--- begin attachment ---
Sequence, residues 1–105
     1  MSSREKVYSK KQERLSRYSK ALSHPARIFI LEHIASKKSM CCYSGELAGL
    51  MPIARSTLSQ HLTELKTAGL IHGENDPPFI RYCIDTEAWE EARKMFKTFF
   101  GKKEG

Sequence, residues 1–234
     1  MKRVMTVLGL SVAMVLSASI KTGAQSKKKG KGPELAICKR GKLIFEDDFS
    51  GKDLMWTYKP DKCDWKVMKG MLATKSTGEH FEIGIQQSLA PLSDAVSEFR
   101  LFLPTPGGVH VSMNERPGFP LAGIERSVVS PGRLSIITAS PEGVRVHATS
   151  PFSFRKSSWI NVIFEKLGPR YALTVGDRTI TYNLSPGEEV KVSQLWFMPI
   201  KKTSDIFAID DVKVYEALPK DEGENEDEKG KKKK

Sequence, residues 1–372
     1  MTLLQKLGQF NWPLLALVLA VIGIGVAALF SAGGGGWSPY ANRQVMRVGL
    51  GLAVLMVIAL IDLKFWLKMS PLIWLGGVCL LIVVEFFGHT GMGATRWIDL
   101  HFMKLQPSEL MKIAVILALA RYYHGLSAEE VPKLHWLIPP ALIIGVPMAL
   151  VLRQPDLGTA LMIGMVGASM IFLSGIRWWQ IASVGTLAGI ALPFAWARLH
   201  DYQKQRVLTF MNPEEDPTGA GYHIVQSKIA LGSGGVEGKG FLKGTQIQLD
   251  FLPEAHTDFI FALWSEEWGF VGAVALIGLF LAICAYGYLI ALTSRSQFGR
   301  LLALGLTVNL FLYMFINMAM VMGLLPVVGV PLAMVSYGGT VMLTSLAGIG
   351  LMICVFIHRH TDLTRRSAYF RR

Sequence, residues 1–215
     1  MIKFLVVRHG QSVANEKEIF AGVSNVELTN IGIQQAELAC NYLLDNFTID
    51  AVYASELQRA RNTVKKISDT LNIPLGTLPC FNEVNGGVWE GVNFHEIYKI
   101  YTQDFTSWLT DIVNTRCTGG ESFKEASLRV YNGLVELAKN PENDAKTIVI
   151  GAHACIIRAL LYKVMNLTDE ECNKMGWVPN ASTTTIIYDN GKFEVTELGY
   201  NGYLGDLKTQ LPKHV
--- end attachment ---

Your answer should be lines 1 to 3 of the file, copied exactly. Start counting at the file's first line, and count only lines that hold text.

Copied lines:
Sequence, residues 1–105
     1  MSSREKVYSK KQERLSRYSK ALSHPARIFI LEHIASKKSM CCYSGELAGL
    51  MPIARSTLSQ HLTELKTAGL IHGENDPPFI RYCIDTEAWE EARKMFKTFF